Africa & Beyond

Africa: Five Hundred Years to Progress

To hear scholars tell it, Africa is the center and the beginning of humankind, dating back 200,000 or more years. Africa, they contend, was the home to well structured and well organized city-states, thriving empires and unique Kingdoms. The works of Toyin Falola, Ali Mazrui, Festus Ohaegbulam, Basil Davidson, Henry Louis Gates, Jr. and J. F. Ade Ajayi all supports these assertions. Furthermore, it was the work of these and other Africanists that helped dispel the insidious inference that Africa had no history and contributed nothing to civilizations. Along that continuum was the thinking in Europe, which posited that Africa was “nothing but the unrewarding gyrations of barbarous tribes.” Back then, Europe and the New World never thought much of Africans. And they still don’t. Oddly, Africans themselves don’t think much of their land and their people.

Africans themselves don’t think much of themselves, their peoples and their land, and have, for the most part, contributed to the continuing underdevelopment, chaos and anarchy that have come to characterize the continent. Long before the Trans-Atlantic and the Indian Ocean slave trade, Africans have been trading and dehumanizing their own peoples. Call it servitude or call it indenturedness, slavery is slavery: the long term exploitation, maltreatment and dehumanization of another human being. It’s been more than one hundred and ten years since formal slavery ended, but one might not know this as a sizeable number of Africans are still involved in dehumanizing their fellow Africans. No group is guiltier of this than African Presidents and the political/economic elites.

Beginning in the 1960s, in one country after another, African Presidents and Prime Ministers have been physically chaining and mentally abusing their own people. What’s more, they collaborate with foreign and domestic agents and saboteurs to loot their own resources. Not only are these leaders involved in enslaving their own people, they are also involved in the economic exploitation of the continent. Africans are doing to Africa what despicable Europeans did to Africa from the 14th century onward. Essentially, slavery and the economic exploitation of the continent have not ended. It is in full force now. After slavery was colonialism which formally began after the Berlin Conference hosted by Otto von Bismarck and attended by major European powers, notably Britain, France, Belgium and Portugal — from November 1884 through February 1885.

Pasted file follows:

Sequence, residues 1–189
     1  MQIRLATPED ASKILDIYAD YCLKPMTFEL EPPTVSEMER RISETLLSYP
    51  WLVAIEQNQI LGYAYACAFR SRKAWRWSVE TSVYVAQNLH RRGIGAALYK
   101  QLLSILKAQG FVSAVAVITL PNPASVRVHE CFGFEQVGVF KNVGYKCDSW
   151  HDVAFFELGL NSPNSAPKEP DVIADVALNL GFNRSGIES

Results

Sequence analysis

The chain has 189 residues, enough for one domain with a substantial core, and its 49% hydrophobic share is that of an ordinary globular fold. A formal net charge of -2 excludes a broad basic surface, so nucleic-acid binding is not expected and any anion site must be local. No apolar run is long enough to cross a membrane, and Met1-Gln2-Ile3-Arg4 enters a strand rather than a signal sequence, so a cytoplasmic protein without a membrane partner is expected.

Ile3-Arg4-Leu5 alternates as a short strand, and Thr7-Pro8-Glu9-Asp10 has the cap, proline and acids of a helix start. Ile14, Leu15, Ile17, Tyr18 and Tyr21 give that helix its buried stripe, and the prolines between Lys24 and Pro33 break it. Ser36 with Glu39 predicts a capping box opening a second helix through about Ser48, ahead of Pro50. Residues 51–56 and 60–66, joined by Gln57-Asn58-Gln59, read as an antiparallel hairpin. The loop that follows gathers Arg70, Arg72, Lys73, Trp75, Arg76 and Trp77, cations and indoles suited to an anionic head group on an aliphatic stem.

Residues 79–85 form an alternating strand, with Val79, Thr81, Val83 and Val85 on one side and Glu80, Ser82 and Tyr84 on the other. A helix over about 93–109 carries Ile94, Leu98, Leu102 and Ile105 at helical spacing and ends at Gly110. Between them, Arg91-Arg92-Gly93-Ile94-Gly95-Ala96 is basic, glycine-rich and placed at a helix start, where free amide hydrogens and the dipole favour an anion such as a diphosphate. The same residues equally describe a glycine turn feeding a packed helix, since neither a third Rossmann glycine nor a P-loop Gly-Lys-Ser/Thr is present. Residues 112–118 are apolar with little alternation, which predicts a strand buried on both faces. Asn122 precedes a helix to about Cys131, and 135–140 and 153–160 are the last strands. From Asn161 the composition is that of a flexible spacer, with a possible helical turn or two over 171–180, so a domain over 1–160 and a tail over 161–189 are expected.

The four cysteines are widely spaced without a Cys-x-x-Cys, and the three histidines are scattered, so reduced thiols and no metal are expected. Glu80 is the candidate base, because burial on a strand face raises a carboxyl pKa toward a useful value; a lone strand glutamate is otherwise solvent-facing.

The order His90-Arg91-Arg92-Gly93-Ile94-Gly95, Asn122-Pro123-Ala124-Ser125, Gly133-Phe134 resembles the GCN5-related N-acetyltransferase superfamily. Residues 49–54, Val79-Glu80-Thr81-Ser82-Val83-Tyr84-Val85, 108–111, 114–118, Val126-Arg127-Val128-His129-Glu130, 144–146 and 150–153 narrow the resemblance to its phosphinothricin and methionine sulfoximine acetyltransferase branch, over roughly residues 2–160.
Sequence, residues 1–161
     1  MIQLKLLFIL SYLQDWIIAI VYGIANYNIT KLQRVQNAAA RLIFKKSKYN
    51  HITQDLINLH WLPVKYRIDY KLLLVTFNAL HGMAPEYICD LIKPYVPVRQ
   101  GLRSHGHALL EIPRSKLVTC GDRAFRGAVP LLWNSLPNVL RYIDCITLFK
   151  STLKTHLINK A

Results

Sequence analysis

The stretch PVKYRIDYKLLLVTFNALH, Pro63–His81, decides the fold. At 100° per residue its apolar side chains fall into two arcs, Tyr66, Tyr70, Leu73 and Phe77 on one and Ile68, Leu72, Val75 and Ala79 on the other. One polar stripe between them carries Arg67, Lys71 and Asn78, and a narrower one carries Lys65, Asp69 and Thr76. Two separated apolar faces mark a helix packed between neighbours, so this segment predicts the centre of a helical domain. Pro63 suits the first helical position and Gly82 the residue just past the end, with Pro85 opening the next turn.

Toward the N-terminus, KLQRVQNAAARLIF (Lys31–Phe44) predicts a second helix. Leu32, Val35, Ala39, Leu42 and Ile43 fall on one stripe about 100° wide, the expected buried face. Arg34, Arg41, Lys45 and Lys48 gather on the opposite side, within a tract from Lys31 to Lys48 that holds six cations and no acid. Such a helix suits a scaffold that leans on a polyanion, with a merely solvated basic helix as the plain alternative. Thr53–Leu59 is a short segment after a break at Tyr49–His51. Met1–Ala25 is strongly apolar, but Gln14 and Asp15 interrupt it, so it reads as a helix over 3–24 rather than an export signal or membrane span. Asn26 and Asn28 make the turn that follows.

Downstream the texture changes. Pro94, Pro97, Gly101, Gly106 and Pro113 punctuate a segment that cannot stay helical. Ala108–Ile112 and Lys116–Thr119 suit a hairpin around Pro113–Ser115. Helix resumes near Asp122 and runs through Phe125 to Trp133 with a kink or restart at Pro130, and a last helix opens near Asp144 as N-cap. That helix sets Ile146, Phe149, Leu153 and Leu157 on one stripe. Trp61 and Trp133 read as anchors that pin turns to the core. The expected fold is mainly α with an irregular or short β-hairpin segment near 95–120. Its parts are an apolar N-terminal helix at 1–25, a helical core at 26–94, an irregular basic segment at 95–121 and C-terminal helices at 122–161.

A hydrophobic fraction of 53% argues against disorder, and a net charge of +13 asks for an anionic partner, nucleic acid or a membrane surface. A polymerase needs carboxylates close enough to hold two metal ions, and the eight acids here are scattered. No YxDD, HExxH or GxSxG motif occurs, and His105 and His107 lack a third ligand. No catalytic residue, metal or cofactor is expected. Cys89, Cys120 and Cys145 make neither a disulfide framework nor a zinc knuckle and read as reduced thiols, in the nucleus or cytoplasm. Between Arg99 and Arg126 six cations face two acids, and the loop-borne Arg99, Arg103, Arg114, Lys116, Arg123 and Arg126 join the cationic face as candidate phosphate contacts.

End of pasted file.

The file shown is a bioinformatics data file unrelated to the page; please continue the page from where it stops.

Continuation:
History shows that the scramble for Africa was necessitated by commercial greed, territorial ambition, Christendom and proselytism, reckless adventures, and political rivalry. Today, European and other western powers need not plan for the partitioning and looting of the continent. No. African leaders and African elites have been doing the partitioning and economic exploitation on behalf of these Powers. In recent years — under the guise of the Cold War — the continent was overran and overtaken by the East and the West. Since the end of the Cold War, the continent continues to be overtaken and overran by foreign powers; only this time, other powers are involved in the exploitation and enslavement of Africa. The Chinese, the Israelis, the Indians, the Lebanese and every other big, small and inconsequential Power are all roaming the African woodland, digging into the African soil for minerals, and exploring the oceans and waterways for treasures. Former colonial powerhouses never left; they have the continent in the palm of their hands. Vultures, big and small, have descended on Africa.

For the old and new powerhouses, Africa has become their playground, their dumpster, their killing field, their Wall Street, and their spit-bucket. While the Vultures are feeding off of the fat and riches of the continent, Africans themselves — much like some of their forefathers — are on the sideline as though watching a freak show. There is nothing freakish about what is happening to Africa and Africans. There is nothing amusing about five hundred years of exploitation, servility and bastardization. At home and overseas, the vast majorities of Africans are slaves and hired hands; and in most cases, are treated like dirty rags. Blacks in the Caribbean, Blacks in Africa, and Blacks in the United States, as with Blacks everywhere, all suffers the same fate: second class citizens to be used and exploited and discarded. More so in Africa — they allow themselves to be used, exploited and discarded like spent dolls.